What Are Performance Improvement Plans?

What Are Performance Improvement Plans?

Although most managers don’t enjoy giving feedback, say through a Performance Improvement Plan (PIP), 83% “of employees really appreciate receiving feedback, regardless of whether it’s positive or negative,” says Officevibe, which helps companies with employee engagement.  

If the feedback is negative, it generally means the employee has issues that he or she needs to improve. To formally communicate how these deficiencies can be corrected, you may want to develop a performance improvement plan, also called a performance action plan.  

What is a Performance Improvement Plan (PIP)? 

A PIP is a formal document stating an employee’s failure to meet specific job goals and what needs to be done for him or her to be in good standing with the company.  

PIPs aren’t the answer to every performance problem, however, so it’s important that managers and HR professionals know when to use them. 

How do I know whether a PIP is appropriate? 

PIPs should be used when there’s a genuine desire and commitment to help the employee improve, not as a way for managers to vent their frustration and ultimately fire employees. It should send the message (to the employee) that help is available and that his or her manager is dedicated to guiding him or her along the way.  

Factors influencing whether a PIP is warranted include: 

      • Substantiation for the PIP. The manager should be able to justify the need for the PIP by demonstrating the employee’s performance shortcomings and any prior warnings and guidance given to the employee.  
      • Manager commitment. As stated earlier, the manager should be committed to helping the employee improve. The HR professional tasked with developing the PIP must try to figure out whether the manager has the employee’s best interest at heart.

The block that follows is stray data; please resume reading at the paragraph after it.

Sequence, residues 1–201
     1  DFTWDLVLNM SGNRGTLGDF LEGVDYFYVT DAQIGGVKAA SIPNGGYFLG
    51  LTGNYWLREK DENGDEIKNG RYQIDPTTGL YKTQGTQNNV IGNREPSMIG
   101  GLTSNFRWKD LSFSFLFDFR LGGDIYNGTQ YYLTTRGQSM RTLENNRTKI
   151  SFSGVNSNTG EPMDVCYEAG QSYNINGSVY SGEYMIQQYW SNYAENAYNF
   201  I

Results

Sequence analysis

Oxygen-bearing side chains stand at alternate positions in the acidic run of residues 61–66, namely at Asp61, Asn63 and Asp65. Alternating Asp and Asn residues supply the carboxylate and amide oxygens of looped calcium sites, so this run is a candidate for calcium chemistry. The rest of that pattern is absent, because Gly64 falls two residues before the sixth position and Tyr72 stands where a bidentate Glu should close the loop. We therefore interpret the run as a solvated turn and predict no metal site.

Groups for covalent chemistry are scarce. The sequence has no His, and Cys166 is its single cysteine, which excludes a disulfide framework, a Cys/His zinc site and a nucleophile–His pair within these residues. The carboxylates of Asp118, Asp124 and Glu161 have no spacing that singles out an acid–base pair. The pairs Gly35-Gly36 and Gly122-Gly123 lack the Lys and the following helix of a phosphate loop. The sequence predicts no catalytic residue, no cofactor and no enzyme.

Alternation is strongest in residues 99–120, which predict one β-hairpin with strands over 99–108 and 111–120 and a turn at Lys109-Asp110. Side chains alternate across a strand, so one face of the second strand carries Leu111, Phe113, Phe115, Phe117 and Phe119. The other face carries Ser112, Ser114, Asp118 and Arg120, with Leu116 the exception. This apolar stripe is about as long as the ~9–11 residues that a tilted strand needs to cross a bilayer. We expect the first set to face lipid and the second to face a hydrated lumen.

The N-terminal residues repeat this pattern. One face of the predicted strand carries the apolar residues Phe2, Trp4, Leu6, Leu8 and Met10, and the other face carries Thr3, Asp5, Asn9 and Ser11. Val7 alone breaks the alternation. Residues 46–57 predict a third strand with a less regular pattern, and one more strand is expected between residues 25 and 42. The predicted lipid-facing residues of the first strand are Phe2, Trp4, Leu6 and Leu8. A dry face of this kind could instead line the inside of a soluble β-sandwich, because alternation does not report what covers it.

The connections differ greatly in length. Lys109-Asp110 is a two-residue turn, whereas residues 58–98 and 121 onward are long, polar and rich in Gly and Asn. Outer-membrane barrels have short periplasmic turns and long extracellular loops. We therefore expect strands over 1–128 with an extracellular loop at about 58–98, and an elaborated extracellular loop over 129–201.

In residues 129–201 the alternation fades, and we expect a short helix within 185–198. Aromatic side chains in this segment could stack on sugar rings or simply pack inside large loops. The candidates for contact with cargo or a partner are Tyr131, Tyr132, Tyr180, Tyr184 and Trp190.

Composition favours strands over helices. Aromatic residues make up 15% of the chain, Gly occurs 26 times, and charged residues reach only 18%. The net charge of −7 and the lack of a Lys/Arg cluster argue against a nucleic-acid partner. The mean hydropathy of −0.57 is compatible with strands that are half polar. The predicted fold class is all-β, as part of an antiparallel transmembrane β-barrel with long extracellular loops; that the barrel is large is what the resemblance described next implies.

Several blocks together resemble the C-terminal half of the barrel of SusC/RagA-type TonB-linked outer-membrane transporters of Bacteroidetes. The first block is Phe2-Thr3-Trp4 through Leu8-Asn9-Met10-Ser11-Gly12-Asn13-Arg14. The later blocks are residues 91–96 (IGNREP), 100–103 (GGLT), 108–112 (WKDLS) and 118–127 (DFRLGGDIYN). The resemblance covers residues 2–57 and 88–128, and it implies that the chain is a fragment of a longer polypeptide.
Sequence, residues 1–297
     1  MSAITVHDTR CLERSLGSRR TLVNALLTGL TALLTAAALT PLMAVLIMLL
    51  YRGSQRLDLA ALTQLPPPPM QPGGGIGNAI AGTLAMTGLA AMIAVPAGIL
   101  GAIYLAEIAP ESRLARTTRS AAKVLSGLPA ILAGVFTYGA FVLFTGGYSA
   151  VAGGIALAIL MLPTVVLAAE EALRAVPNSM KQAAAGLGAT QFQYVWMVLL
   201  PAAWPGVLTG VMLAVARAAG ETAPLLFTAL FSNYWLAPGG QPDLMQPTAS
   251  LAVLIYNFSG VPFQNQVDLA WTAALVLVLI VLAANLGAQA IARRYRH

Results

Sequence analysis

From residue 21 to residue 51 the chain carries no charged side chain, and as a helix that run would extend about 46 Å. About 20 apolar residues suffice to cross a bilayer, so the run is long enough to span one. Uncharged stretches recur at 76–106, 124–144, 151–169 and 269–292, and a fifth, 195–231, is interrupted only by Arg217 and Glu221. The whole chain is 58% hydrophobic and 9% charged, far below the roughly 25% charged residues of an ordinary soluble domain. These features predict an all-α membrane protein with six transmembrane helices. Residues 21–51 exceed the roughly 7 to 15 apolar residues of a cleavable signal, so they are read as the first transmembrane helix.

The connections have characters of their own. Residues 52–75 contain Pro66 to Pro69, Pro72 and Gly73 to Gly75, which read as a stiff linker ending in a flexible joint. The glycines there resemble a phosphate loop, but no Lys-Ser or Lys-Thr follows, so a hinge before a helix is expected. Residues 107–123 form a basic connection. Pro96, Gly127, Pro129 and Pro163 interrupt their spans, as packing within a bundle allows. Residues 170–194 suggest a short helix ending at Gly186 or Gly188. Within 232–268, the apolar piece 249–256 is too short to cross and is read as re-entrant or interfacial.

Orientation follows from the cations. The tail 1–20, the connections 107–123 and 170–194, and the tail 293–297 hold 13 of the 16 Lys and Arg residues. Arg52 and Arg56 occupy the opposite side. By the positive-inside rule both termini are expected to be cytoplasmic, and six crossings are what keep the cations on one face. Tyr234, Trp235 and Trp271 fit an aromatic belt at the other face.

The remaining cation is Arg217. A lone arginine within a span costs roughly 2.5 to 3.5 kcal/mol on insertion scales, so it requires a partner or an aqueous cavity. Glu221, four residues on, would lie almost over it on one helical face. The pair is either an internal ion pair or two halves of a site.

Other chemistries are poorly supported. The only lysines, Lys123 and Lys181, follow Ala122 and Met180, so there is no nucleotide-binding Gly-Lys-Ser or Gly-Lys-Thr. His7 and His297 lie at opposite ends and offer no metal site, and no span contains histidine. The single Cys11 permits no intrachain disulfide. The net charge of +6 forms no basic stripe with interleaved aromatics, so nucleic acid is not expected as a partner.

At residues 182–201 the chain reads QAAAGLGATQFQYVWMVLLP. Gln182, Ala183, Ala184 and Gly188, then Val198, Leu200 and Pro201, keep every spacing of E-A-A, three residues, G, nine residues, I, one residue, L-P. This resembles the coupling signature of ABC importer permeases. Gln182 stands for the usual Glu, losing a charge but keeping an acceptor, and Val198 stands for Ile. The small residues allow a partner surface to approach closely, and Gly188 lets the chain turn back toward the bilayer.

• Root cause. Because the PIP is a goal- and solution-oriented tool, it doesn’t allow you to delve into the whys of the employee’s deficiencies. You’ll need to draw on other strategies to find out why the problem exists and then determine whether a PIP is the appropriate solution. 


When should a PIP be developed? 

Using one example, the University of Oregon’s website states that PIPs are typically used in conjunction with or after a letter of clarification or a letter of reprimand.  

A letter of clarification informs the employee of his or her performance issues that could result in disciplinary action if unaddressed. A letter of reprimand is a documented disciplinary step that goes in the employee’s personnel file. 

What should I put in the PIP?   


      • Performance expectations, including the job description. 
      • How the employee failed to meet the performance expectations, including dates and any supporting documentation. 
      • Measurable and specific goals for rectifying the deficiencies. 
      • PIP duration, such as 30, 60 or 90 days.  
      • Resources to assist the employee, such as seminars, training or coaching. 
      • How often feedback will be administered to the employee, such as once per week or once every two weeks. 

Last, the PIP should leave no doubt about the ramifications of not fulfilling its objectives. Consequences may include demotion, transfer to a different role or termination. 

Original content by Payroll Partners Newsletter, Copyright © IndustryNewsletters, All rights reserved – October 2, 2020. This information is provided with the understanding that Payroll Partners is not rendering legal, human resources, or other professional advice or service. Professional advice on specific issues should be sought from a lawyer, HR consultant or other professional.